Onward to the recipe (and i guess it's clear by now that I chose the tomato as my seasonal ingredient!):

Lamb chops with Pomme d'Amour Sauce

 It was a simple recipe: lamb chops with salt and pepper dipped in clarified butter and breadcrumbs...

...then fried.

The tomato sauce was equally non-complicated. Tomatoes were cut into wedges and put into a sauce pan with a piece of butter and some water to simmer until soft (well, the recipe didn't say as much, but it made the most sense to me).

The tomatoes were then strained through a sieve, thus.

Then I melted some butter with flour in a saucepan, added bouillon (the non-period cubed variety...) and lastly the tomato sauce. It simmered on until the thickness seemed acceptable and was served on a dish with the lamb chops as per instructions!

The colours are a bit off in this picture (even though I tried to correct them in PS) but I can assure you that it looked much better in reality. The sauce wasn't tomato-red, but a softer orange shade, like Campbells tomato soup (I added the chopped parsley just for some additional colour).

And when all was said and done, the sauce actually did taste like a mild tomato soup. Since the recipe didn't call for any additional seasoning, except for the bouillon, it was not a huge sensational experience, but nice all the same (then again, Swedish commercial tomatoes are a bit bland even when they're at their best).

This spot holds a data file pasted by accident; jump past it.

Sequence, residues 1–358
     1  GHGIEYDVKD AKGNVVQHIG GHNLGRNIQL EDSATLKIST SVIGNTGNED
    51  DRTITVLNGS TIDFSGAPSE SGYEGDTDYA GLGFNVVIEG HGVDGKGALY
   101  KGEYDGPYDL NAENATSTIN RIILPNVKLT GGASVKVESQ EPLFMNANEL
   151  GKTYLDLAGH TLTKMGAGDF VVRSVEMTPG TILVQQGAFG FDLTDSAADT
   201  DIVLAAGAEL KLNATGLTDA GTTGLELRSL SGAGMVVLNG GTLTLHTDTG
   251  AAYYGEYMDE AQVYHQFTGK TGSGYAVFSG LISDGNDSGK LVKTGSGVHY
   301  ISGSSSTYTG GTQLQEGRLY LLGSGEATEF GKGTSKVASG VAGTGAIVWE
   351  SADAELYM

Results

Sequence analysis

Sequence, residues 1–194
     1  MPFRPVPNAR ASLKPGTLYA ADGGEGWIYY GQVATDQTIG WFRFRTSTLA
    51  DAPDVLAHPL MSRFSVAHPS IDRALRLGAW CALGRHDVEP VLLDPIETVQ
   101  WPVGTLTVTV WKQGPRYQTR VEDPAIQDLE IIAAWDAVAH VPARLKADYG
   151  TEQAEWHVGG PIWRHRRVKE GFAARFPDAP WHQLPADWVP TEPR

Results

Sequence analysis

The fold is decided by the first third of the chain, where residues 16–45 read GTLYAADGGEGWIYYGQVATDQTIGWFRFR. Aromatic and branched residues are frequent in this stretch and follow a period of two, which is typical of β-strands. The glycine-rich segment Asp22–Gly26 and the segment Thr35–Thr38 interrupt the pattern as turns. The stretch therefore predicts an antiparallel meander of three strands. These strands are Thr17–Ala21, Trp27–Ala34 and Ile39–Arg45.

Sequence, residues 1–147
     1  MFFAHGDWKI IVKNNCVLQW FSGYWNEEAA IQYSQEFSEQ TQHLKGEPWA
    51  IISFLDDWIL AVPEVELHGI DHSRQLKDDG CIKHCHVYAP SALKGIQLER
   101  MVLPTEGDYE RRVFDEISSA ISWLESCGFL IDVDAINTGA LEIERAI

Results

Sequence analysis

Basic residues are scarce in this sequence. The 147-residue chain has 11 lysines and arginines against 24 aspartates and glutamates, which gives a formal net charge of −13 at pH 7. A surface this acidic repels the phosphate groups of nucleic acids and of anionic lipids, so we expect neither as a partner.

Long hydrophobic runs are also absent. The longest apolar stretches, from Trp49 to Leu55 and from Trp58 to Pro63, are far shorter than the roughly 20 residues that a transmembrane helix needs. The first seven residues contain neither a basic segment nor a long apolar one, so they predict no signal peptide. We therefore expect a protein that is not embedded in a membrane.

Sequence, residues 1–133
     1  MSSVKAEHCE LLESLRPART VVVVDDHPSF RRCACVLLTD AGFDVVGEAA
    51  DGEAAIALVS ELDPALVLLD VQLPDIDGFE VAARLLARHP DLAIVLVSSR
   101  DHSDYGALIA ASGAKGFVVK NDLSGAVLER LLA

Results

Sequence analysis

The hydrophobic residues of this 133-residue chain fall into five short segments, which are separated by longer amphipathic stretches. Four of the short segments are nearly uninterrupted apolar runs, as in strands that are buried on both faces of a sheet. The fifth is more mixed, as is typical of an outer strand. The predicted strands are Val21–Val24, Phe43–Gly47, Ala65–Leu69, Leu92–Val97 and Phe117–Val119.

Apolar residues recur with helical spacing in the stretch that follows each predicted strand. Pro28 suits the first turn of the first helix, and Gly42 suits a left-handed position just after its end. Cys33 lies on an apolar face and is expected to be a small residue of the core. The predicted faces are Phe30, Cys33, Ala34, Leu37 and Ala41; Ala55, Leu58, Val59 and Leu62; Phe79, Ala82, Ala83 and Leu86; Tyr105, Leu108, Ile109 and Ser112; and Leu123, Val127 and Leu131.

The lamb chops, well, they were lovely because you can't go wrong with lamb chops, in my opinion. The bread crumbs really added some yummy texture (and extra fat to be sure!).

So, considering how easy and comparatively cheap this recipe was, I'd absolutely say this was a success. My husband liked it as well and he's not always easy to please so that's something!

The Challenge: #6: Seasonal fruits and vegetables

The Recipe: Lamm-Kortletter med Pommes d'Amour-Sås (Lamb chops with tomato sauce) from Margareta Nylander's cookbook (online version courtesy of Umeå University Library).

The Date/Year and Region: Sweden, 1835.

How Did You Make It: I cooked tomatoes with butter and water until soft, then strained them through a sieve and added the juice to melted butter with flour and bouillon and cooked until thick. The lamb chops were seasoned with salt and pepper, then dipped in clarified butter and breadcrumbs and fried in butter.

Time to Complete: Less than 30 minutes.

Total Cost: The biggest cost were the lamb chops, since lamb is often expensive where I live, the rest was cheap or I had it on hand so let's say  about $11/8EURO for two persons (we were very hungry so i planned for 2 small lamb chops per person).

How Successful Was It?: The sauce was nice, if a little bland, probably because Swedish tomatoes tend to be a little bland! Some herbs, like basil, would have been a nice addition. The lamb chops were delicious with a breadcrumb coating.

How Accurate Is It?: Well, firstly, I how no idea how tomatoes tasted in 1835 so I used modern, normal commercial tomatoes. I also used store-bought breadcrumbs and modern store-bought bouillon cubes. So, not quite accurate after all.

Recipe source: 
  • Nylander, M. (1835). Handbok wid den nu brukliga finare matlagningen : innehållande tillika beskrifning på confecturer, sylter och glacer ; samt ett bihang, att göra soja, fransk senap, ättikor, bär-winer, bär-safter, att inlägga anjovis, m.m. ; jemte några underrättelser om slagt, brygd och brödbakning. (6. tillökta och förbättr. uppl.) Stockholm: Online version courtesy of Umeå University Library